Northern Lights Express: On Track or Going Nowhere Fast?

State and local officials are all systems go even as Congress defunds “high speed” rail

From the looks of the slick taxpayer-funded website, you’d think it’s full speed ahead for the  Northern Lights Express (NLX), the proposed passenger rail line from the Twin Cities to Duluth.  As one of six passenger rail lines for Minnesota, an air of inevitability often seems to surround the controversial line estimated to cost between $650 million and one billion dollars.  Yet the route to Duluth runs through Washington with a Congress at a crossroads and an inclination toward derailing high-speed rail projects. 

The 155 mile rail route is apparently “igniting imaginations around Minnesota and the nation,” according to the website.  The upbeat storyline states that NLX will spur $2 billion in economic development. Indeed, they project anywhere from 400,000-800,000 plus passengers a year might get on board. The website also claims the project would “encourage” 13,800 jobs, an evidently new metric of employment growth.

Nothing seemingly slows NLX down.  Not even a controversial 2010 “Benefit Cost Analysis” draft report that concluded the “Twin Cities-Duluth HSR (High Speed Rail) Corridor has a low benefit-cost ratio.”  Taxpayers would realize a return of just 27-35 cents in benefits for every government dollar spent on NLX, according to the study.

Upon release of the cost-benefit report, even supporters began writing the line’s obituary.  State officials, however, rejected the draft report “on the basis of conflicting consultant advice and modeling concerning the cost and benefits of NLX,” said Dave Christianson, MnDOT’s rail director. Interestingly, the report was scrubbed from the MnDOT website .

A subsequent MnDOT report estimates NLX could require an operating subsidy as high as $37-$83 per passenger to meet the line’s $35-45 million annual operating and maintenance costs.  Under that scenario, taxpayers would underwrite 66-79 percent of the cost of every ride.  

NLX officials disputed many of this report’s assumptions and conclusions, as well. They produced a “functional analysis” showing NLX would break even by 2023 and eventually become profitable.

The Federal Rail Administration (FRA) recently approved the final NLX route, clearing the way to start spending $8 million in planning grants next year.  “The approval of the preferred  route for this project is another step toward improving travel for Minnesotans and laying the groundwork to address our state’s transportation needs in the future,” according to Senator Amy Klobuchar.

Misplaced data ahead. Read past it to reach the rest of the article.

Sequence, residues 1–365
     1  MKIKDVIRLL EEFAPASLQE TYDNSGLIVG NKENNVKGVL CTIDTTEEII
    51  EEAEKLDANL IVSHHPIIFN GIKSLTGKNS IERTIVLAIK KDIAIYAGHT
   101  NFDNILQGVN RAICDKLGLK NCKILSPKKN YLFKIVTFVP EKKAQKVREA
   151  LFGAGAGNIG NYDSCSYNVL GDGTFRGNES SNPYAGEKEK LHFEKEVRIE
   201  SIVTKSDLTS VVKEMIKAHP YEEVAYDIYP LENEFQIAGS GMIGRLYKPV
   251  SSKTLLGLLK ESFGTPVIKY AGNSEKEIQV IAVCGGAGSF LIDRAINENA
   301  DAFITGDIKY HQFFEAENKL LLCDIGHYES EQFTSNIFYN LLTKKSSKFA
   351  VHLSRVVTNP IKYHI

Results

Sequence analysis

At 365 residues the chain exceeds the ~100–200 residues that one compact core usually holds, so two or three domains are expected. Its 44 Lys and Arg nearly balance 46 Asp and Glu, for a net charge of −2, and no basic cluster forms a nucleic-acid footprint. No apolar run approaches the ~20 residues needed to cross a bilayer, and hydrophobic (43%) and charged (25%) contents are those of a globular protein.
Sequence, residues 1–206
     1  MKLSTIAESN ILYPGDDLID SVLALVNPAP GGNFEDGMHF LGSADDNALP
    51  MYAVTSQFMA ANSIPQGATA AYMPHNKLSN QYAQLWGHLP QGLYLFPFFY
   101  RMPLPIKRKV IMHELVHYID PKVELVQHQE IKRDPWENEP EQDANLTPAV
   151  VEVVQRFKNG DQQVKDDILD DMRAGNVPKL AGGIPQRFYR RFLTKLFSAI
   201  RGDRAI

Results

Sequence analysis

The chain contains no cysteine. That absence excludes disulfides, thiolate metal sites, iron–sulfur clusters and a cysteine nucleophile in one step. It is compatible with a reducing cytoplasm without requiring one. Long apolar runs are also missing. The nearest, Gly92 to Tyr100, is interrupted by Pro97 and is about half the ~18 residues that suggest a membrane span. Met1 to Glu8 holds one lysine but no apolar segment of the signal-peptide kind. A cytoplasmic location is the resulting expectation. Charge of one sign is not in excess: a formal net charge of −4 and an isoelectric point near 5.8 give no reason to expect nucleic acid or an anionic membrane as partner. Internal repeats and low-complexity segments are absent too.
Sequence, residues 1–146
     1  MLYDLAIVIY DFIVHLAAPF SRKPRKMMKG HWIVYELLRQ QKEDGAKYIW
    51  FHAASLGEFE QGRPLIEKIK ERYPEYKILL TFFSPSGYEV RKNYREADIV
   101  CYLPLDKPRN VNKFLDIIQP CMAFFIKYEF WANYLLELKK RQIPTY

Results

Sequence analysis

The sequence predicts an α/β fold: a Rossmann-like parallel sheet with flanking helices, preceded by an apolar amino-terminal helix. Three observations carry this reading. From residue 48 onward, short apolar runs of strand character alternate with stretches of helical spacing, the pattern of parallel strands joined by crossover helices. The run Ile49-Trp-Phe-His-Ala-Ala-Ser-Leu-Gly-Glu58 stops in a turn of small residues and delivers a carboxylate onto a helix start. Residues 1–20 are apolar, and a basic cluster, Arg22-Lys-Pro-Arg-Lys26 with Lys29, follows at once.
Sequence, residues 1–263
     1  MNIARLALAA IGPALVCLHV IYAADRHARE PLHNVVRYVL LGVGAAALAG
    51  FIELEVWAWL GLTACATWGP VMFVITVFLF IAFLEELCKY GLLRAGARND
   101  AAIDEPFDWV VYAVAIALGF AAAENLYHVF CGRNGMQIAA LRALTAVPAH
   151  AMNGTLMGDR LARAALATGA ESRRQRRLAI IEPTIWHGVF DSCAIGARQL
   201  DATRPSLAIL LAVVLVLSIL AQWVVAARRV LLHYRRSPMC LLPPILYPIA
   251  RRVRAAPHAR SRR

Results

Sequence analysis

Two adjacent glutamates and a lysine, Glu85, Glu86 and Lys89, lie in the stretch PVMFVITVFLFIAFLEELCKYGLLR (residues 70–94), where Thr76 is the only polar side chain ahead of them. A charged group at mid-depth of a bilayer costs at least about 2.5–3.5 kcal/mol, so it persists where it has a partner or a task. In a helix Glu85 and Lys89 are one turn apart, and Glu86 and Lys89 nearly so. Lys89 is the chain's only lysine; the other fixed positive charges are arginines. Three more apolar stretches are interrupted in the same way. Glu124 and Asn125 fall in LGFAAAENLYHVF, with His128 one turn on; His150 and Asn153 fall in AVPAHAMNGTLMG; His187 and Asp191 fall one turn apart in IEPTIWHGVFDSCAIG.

Just last week, a coalition of elected local officials from six counties, two cities and the Mille Lacs Band of Ojibwe, signed an agreement giving MnDOT most of the responsibility for implementing the NLX plan.  In all, some $13 million in funding has been committed to the project, according to MnDOT.

Yet it’s far from all systems go—not only for NLX, but for “high speed” rail projects nationwide. Whether NLX stays on track depends upon receiving up to 80 percent of capital costs from the federal government. 

While the Obama Administration continues to request billions for rail funding, Congress has pulled the equivalent of the taxpayer’s emergency stop cord, which may signal the end of the line for NLX. 

Eighth District Congressman Chip Cravaack, who represents the area covering most of the NLX route, opposes the project.  “The wisest course of action for us is to not spend money on a venture that can't pay for itself. Instead, we must first attend to the crumbling roads, the bridges in urgent need of repair and the incomplete highway projects that we have throughout the state,” Cravaack wrote in a Star Tribune op-ed

NLX Alliance Chairman Steve Raukar fired back in an op-ed of his own, faulting Cravaack for not supporting the transit project.  In a letter to the congressman, Raukar pleaded with Cravaack to “request NLX be authorized for federal rail capital funds in the success to SAFTEA-LU” insisting such designation does not constitute “an earmark”.

Yet the Republican-controlled House of Representatives has zeroed out “high speed” rail funding in their annual appropriations bill.  Meantime, the Democratic-run Senate Appropriations Committee also zeroed out “high speed” rail, adding just $100 million in an amendment that may or may not survive conference committee negotiations with the House.

However, some previously appropriated rail funds remain in the federal pipeline.  Sources say NLX advocates also hold out hope of being designated as a possible federal demonstration rail project. 

“The reduction in HSR appropriations won’t have an immediate impact on NLX, until next phase of development is reached, about 2013-14,” Christianson said in an email. “Of course, it doesn’t bode well for investment in a high speed rail network anywhere in the U.S.”

Otherwise, it may be up to individual states to fund the building of “high speed” rail service.  NLX proponents say they still hope to receive $13 million of MnDOT’s rail request being readied for a potential 2012 state bonding bill.      

The Northstar Amtrak line that previously ran on the same route as NLX shut down on Easter Day, 1985 due to lack of ridership.  It remains to be seen whether that failed Amtrak route will be resurrected or not.


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